June 9, 2007

The technology of Guild Wars (overview)

Being an analyst has its perks, the main one being that you get to have some really interesting conversations. And so I recently had the chance to interview Mike O’Brien and Pat Wyatt, two of the founders and lead programmers for ArenaNet, makers of the Guild Wars MMORPG (Massively MultiPlayer Online Role-Playing Game).

If you play games of this sort, it’s surely obvious to you why you should care. But if you don’t, maybe you should be interested anyway. After all, Guild Wars is a graphics-intensive SaaS offering that easily supports 100,000 simultaneous users, while managing a gig or so of fat client even over dial-up speeds. Every user is a potential hacker, whether for fun or actual real-world cash profit, although we didn’t actually talk about security very much. And ArenaNet provides all this on a relatively shoestring budget; in particular, Guild Wars subscription fees are precisely $0.

Note: If you’re familiar with video RPGs but not MMORPGs, please just read on; the main salient difference is that in an MMORPG lots of people play at once. If you’re familiar with other MMORPGs but not Guild Wars, there’s one GW-specific design feature you should know of – Guild Wars is instanced. That is, a group of 1-24 players will get their own private copy of the game world. Any changes to the environment (e.g. player movement, monster-killing) are made only by them.

And if you’re not familiar with video RPGs at all, I suggest you stop working quite so hard and go play. ;)

Here are some of the technical highlights I managed to glean in a brief half-hour conversation:

*Note: There is a high level of motivation for cheating in MMORPGs. One of the biggest is that professionals in low-wage but well-wired countries acquire fictional gold, so that they can sell it for real money. Gold sellers are a huge concern to ArenaNet.

That’s just some of what I heard. For more on the technology of Guild Wars, please see my companion post on the database technology of Guild Wars and Guild Wars game notes. This interview is also just one of several I plan with game and virtual world companies, so I hope to in the future address other kinds of issues, such as rules and AI.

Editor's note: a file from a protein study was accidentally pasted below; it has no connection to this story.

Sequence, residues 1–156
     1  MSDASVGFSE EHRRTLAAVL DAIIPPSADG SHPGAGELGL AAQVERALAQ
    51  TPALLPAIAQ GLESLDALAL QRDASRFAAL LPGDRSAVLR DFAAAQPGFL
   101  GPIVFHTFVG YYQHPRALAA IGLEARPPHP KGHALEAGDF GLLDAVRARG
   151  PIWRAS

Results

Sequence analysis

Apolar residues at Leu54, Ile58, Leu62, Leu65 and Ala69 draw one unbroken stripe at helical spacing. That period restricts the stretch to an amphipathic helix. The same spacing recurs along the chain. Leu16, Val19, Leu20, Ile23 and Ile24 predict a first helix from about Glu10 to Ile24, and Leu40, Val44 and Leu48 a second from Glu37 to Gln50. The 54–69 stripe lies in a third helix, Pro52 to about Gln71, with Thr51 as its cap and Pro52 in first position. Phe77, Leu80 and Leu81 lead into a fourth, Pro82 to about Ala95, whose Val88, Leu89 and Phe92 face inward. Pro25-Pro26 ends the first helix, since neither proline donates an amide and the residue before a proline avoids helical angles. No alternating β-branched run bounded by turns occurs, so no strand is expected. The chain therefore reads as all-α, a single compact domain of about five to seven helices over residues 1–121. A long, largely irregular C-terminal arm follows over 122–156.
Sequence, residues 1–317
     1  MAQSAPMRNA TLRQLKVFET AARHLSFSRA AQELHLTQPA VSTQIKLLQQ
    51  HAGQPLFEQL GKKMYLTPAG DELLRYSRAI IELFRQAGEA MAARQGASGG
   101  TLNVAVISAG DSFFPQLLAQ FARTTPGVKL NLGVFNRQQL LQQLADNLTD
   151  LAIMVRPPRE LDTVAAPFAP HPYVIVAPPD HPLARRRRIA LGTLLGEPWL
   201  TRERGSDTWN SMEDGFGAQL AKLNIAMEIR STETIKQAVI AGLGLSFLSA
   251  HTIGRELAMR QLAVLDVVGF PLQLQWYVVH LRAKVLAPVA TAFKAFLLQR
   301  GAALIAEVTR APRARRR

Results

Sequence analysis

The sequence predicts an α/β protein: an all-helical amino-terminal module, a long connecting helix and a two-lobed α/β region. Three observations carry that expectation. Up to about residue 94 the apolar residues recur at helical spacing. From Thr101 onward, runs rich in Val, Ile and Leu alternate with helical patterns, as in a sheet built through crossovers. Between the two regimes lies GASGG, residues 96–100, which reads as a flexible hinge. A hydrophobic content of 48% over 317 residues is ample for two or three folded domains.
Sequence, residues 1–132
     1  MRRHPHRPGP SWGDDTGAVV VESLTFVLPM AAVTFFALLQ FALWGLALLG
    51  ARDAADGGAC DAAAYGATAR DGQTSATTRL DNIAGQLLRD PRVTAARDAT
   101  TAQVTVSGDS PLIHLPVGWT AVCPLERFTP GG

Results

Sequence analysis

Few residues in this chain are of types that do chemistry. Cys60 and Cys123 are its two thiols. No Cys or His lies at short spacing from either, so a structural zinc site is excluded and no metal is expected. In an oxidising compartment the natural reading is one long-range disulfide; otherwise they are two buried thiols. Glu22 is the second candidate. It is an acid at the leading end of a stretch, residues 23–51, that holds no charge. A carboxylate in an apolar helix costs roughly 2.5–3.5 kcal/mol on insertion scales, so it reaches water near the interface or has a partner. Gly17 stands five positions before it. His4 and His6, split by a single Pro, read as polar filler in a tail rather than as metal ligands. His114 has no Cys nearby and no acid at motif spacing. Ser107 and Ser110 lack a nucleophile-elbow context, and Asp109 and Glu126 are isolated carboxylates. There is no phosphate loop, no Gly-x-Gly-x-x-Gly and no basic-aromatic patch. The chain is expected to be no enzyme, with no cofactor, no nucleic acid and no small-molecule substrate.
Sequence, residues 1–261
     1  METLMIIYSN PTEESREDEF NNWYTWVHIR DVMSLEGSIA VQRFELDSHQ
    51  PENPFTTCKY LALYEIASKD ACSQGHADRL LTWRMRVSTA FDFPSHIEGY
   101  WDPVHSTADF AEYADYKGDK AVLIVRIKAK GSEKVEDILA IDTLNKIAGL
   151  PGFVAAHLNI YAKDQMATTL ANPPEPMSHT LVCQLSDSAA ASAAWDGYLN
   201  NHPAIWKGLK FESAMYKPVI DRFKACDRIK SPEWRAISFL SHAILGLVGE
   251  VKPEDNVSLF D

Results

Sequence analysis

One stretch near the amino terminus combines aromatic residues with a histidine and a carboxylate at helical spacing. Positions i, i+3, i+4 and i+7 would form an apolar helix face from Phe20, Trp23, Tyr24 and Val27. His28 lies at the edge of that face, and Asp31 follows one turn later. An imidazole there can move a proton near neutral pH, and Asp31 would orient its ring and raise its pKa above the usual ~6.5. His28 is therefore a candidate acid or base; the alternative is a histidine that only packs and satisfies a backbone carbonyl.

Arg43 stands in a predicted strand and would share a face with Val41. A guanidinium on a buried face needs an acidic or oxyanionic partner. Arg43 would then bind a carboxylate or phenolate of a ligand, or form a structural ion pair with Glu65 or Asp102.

Comments

5 Responses to “The technology of Guild Wars (overview)”

  1. The Monash Report»Blog Archive » Guild Wars game notes on June 9th, 2007 10:08 pm

    […] I had the opportunity to interview Mike O’Brien and Pat Wyatt, founders and lead developers for ArenaNet, makers of Guild Wars. This led two lengthy posts on the technology of Guild Wars (overview) and the database technology of Guild Wars. Those were really, as the titles suggest, tech-focused. This post, by way of contrast, is just to share interesting game-related tidbits with fellow Guild Wars players. I came away with three key notes: […]

  2. deviceZero » Technical Guild Wars Facts on June 12th, 2007 10:43 am

    […] Some technical facts about Guild Wars from these three articles: […]

  3. DBMS2 — DataBase Management System Services » Blog Archive » The database technology of Guild Wars on April 25th, 2008 12:05 am

    […] I have the enviable task of researching online game and virtual world technology for an upcoming Network World column. My first interview, quite naturally, was with the lead developers of a game I actually play – Guild Wars. The overview is in another post; that may provide context for this one, which focuses on the database technology. (I also did a short post just on the implications for Guild Wars players.) It also has a brief description of what Guild Wars is – namely, a MMORPG (Massively MultiPlayer Role-Playing Game) with the unusual feature that most of the game world is instanced rather than utterly shared. […]

  4. DBMS2 — DataBase Management System Services » Blog Archive » Thoughts on database management in role-playing games on April 25th, 2008 12:05 am

    […] I’ve just started a research project on the IT-like technology of games and virtual worlds, especially MMORPGs. My three recent posts on Guild Wars attracted considerable attention in GW’s community, and elicited some interesting commentary, especially for the revelation of Guild Wars’ very simple database architecture. Specifically, pretty much all character information is banged into a BLOB or two, and stored as a string of tokens, with little of the record-level detail one might expect. By way of contrast, Everquest is run on Oracle (and being transitioned to EnterpriseDB), at least one console-based game maker uses StreamBase, and so on. […]

  5. MMO games are still screwed up in their database technology | DBMS2 -- DataBase Management System Services on June 14th, 2009 4:23 pm

    […] Guild Wars very rarely goes down, and other technical difficulties are less common as well. Reliability is key design goal at for Guild Wars’ developers, and in my opinion they’ve achieved […]

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